variation that DOES affect their seasons, e.g.,
    Mars, Pluto.

19
How do we mark the progression of the seasons?
  • We define four special points
  • summer solstice winter solstice
  • spring (vernal) equinox fall (autumnal) equinox

20
We can recognize solstices and equinoxes by Suns
path across sky
Summer solstice highest path, rise and set at
most extreme north of due east. Winter solstice
lowest path, rise and set at most extreme south
of due east. Equinoxes Sun rises precisely due
east and sets precisely due west.
21
Seasonal changes are more extreme at high
latitudes
  • Path of the Sun on the summer solstice at the
    Arctic Circle

22
Does the orientation of Earths axis change with
time?
  • Although the axis seems fixed on human time
    scales, it actually precesses over about 26,000
    years.
  • Polaris wont always be the North Star!
  • Positions of equinoxes/solstices move.

Earths axis precesses like the axis of a
spinning top.
23
Phases of the Moon
24
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25
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26
Why do we see phases of the Moon?
  • Half the Moon illuminated by Sun and half dark.
  • We see some combination of the bright and dark
    faces.

27
Phases of the Moon
28
Moon Rise/Set by Phase
29
Phases of the Moon 29.5-day cycle
new crescent first quarter gibbous full gibbous la
st quarter crescent
  • waxing
  • Moon visible in afternoon/evening.
  • Gets fuller and rises later each day.

  • waning
  • Moon visible in late night/morning.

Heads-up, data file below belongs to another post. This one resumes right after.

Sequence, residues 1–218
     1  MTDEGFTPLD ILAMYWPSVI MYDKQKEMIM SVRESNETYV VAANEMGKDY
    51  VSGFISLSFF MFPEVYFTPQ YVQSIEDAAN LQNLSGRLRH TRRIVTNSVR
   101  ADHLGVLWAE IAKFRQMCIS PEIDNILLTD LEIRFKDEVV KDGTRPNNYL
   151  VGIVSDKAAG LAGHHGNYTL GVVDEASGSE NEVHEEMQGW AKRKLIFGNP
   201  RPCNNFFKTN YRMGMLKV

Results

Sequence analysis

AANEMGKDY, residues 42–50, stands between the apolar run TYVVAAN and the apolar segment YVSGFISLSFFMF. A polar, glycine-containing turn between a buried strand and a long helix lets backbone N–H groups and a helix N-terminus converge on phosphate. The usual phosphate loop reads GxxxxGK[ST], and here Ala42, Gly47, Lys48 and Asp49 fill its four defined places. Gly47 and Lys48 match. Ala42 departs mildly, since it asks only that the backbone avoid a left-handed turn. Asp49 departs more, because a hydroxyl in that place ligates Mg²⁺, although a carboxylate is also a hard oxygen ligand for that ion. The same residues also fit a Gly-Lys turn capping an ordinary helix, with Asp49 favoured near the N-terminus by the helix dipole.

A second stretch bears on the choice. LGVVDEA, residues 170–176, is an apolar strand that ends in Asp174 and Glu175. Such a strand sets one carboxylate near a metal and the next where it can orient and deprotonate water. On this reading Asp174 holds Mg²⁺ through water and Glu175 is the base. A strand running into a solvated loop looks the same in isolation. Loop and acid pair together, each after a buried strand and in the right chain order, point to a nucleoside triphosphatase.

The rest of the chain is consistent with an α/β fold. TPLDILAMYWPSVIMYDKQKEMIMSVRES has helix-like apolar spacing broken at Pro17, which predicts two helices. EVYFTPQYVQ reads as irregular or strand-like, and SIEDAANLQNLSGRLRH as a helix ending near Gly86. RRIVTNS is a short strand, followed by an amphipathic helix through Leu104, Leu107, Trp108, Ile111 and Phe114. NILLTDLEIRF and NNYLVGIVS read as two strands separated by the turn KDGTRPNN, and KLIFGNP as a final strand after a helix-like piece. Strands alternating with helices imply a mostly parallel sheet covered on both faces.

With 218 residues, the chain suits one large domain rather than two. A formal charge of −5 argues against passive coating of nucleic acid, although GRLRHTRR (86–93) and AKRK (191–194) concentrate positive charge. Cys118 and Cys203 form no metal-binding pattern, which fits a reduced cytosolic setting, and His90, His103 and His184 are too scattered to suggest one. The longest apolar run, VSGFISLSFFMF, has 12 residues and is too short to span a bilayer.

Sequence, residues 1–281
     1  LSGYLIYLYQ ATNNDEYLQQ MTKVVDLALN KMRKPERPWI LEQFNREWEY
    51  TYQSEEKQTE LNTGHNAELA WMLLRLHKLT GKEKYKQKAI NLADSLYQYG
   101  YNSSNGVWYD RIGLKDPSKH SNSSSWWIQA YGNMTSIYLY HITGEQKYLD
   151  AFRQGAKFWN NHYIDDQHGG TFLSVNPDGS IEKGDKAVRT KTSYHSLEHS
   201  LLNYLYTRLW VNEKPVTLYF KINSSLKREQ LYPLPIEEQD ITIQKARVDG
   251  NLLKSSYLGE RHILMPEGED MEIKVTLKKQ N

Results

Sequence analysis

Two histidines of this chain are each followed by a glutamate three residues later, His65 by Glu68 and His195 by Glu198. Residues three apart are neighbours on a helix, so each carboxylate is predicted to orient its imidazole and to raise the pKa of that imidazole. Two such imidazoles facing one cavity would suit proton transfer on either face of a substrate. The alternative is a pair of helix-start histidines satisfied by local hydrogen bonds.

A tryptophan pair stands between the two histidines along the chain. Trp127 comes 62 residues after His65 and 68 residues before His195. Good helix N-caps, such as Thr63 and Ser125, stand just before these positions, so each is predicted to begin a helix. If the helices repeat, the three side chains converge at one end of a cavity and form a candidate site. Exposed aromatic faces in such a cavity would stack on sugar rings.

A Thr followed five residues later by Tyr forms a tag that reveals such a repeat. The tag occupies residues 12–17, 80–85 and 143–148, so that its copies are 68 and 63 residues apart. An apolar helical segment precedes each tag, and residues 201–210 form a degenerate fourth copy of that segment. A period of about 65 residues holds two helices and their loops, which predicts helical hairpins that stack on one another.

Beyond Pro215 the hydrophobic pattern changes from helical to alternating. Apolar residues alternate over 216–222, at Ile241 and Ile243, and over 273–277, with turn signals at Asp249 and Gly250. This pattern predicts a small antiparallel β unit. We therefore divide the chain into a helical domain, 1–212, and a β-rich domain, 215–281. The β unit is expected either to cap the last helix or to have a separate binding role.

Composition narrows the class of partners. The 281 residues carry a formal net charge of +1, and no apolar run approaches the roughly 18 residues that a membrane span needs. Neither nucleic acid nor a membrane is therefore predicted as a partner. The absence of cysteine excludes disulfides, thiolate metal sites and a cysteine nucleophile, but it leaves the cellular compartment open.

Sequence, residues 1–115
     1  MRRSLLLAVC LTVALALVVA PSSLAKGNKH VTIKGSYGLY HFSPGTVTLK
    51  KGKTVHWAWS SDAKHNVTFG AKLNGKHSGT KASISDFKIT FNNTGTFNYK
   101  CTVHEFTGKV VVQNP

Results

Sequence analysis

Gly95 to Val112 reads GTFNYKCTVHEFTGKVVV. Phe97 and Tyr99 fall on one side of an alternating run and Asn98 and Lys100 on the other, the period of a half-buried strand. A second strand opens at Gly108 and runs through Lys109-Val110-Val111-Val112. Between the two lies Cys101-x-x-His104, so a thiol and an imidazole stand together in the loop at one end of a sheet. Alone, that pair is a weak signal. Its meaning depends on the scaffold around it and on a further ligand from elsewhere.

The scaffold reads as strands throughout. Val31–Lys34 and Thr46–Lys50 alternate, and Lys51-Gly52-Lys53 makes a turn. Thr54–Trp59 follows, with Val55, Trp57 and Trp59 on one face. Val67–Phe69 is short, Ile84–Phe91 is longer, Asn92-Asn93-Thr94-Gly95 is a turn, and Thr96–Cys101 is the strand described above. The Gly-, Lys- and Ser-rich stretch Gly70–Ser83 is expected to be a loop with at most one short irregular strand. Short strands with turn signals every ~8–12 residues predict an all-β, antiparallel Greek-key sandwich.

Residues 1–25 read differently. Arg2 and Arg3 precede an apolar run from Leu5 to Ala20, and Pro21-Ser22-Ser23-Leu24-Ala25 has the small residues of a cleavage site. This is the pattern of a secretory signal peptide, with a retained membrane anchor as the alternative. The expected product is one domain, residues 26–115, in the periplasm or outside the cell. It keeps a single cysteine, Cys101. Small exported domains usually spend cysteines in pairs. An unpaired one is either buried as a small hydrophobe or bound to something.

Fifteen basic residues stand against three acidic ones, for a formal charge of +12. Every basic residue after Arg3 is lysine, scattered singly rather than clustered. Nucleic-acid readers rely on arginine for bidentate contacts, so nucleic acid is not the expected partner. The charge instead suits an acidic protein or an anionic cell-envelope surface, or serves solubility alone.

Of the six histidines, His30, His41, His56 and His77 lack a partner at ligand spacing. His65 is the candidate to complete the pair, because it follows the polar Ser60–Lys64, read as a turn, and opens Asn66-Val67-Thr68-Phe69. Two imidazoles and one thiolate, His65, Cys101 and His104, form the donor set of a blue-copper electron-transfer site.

• Gets less and sets later each day.

30
Its 9 am. You look up in the sky and see a moon
with half its face bright and half dark. What
phase is it?
  1. First quarter
  2. Waxing gibbous
  3. Third quarter
  4. Half moon

31
Its 9 am. You look up in the sky and see a moon
with half its face bright and half dark. What
phase is it?
  1. First quarter
  2. Waxing gibbous
  3. Third quarter
  4. Half moon

32
We see only one side of the Moon
Synchronous rotation The Moon rotates exactly
once with each orbit. This is why only one side
is visible from Earth.
33
What causes eclipses?
  • The Earth and Moon cast shadows.
  • When either passes through the others shadow, we
    have an eclipse.

34
When can eclipses occur?
  • Lunar eclipses can occur only at full moon.
  • Lunar eclipses can be penumbral, partial, or
    total.

35
When can eclipses occur?
  • Solar eclipses can occur only at new moon.
  • Solar eclipses can be partial, total, or annular.

36
  • Why dont we have an eclipse at every new and
    full moon?
  • The Moons orbit is tilted 5 to ecliptic plane
  • So we have about two eclipse seasons each year,
    with a lunar eclipse at full moon and solar
    eclipse at new moon.

37
Another look
38
Summary Two conditions must be met to have an
eclipse
  1. It must be full moon (for a lunar eclipse) or new
    moon (for a solar eclipse).
  2. The Moon must be at or near one of the two points
    in its orbit where it crosses the ecliptic plane
    (its nodes).

AND
39
Predicting Eclipses
  • Eclipses recur with the 18 yr, 11 1/3 day saros
    cycle, but type (e.g., partial, total) and
    location may vary.

40
Ended After a Few More Slides (history of astro)
Feb 5/08
  • (see class04)